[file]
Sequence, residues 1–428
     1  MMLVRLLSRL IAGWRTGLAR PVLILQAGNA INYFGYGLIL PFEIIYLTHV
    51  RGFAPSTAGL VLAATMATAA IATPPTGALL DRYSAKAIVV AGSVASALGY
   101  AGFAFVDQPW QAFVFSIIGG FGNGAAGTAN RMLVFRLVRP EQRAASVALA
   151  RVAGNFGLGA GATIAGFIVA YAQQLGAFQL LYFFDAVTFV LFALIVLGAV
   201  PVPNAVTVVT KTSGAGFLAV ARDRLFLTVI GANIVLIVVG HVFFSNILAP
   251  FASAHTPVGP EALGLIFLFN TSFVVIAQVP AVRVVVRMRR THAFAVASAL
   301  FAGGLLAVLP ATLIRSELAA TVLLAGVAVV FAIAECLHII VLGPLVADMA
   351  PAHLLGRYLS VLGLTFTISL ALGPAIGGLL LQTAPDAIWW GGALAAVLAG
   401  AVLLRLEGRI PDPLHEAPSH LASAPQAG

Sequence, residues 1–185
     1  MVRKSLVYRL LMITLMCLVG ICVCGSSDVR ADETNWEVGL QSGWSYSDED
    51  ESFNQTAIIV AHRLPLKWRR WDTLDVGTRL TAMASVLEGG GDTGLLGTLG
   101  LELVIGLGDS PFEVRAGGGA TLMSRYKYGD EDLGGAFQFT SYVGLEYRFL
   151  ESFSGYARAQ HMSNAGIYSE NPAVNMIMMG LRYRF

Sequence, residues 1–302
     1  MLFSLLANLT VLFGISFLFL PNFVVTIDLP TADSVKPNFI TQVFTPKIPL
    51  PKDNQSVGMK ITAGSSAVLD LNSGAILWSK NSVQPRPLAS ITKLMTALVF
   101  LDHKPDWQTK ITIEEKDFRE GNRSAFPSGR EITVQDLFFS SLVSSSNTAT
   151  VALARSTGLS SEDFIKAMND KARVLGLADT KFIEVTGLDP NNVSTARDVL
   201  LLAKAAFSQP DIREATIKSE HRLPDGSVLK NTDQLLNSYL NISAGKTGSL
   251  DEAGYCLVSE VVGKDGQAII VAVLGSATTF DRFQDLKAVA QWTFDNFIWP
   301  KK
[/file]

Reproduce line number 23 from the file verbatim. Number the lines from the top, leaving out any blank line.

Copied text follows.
   301  KK